Republicans in the Michigan Legislature should speak the truth about the new right-to-work law (“Mich. governor signs ‘right-to-work’ law; Thousands of protesters swarm Capitol,” Dec. 12). It weakens unions and adversely affects wages, benefits, and working conditions.
Because I have been active in several unions, I know that union representation is usually established in an election. The union then has the obligation to represent all workers.
Representation requires resources that involve significant costs. It is not unreasonable that all workers who benefit from representation should be required to share the cost.
If workers are unhappy, another election can be held to end union representation. In these elections, as in those we as citizens participate in, the majority rules.
Do the Michigan Legislature and governor not understand how the democratic process works? Would they support the right of citizens to opt out of paying taxes because they were dissatisfied with candidates who were elected, or would they expect voters to try again in the next election?
‘Shameful’ now; how about in ’09?
The description of the right-to-work bill in your Dec. 11 editorial “Gov. Snyder’s betrayal” used such terms as “appalling,” “shameful,” and “undemocratic.”
Did you use those terms in 2009 when a Democratic President and Democratic majorities in both houses of Congress rammed through your beloved Obamacare without giving Republican members of Congress a chance to modify the legislation?
Krauthammer gets unions wrong
I got the impression from Charles Krauthammer’s Dec. 16 op-ed column, “Michigan and the right-to-work dilemma,” that he longs for the good old days of robber barons, 16-hour workdays, and 25-cent hourly wages — take it or leave it.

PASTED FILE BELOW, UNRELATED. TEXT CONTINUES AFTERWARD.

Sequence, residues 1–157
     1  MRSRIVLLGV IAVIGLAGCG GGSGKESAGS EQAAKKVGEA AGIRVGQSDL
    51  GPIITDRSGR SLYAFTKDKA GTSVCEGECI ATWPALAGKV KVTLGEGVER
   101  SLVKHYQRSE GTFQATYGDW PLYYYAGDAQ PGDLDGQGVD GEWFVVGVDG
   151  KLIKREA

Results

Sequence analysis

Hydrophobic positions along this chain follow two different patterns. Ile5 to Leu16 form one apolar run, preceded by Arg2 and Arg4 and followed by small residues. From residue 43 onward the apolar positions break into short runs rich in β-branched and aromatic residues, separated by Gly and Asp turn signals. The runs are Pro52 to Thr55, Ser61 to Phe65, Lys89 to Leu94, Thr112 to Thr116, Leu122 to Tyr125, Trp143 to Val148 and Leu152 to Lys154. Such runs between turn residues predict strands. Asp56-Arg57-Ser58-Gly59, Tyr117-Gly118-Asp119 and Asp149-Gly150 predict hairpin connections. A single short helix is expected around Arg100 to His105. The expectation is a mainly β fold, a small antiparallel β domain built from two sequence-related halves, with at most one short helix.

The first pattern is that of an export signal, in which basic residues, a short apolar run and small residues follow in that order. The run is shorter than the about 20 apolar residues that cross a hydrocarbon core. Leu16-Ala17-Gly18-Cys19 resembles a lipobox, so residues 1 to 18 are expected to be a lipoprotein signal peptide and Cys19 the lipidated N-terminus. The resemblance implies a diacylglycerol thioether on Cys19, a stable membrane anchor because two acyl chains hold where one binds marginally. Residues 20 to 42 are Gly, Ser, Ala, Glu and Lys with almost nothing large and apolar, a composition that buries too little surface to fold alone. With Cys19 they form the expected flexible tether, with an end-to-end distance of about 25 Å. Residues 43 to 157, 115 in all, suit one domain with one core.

I suppose we of the working class should be thankful that we have a job, regardless of whether we can survive on it, much less prosper.
I found it interesting that what Mr. Krauthammer calls “a simple accommodation to reality” doesn’t address the abyss that separates the working wage from the executive pay package. But to the conservative mind, the executive pay package is always deserved, while the working wage isn’t.
Conservatives never seem to be able to wrap their minds around the concept that, for the most part, those who create jobs and executives who manage jobs don’t do the work. And without those to do the work, there is no business, no executive pay package, and no profits.
Contrary to what Mr. Krauthammer seems to believe, it is a race to the bottom, not a new equilibrium, when the object is not to lift the wages and benefits of others up, but to take away wages and benefits that some have.
But I guess the hypocrisy of being for free-market forces for business but not for labor eludes him.
Right-to-work needed in Ohio
We need right-to-work legislation in Ohio. How can lawmakers get this done in Michigan, of all places, and not here?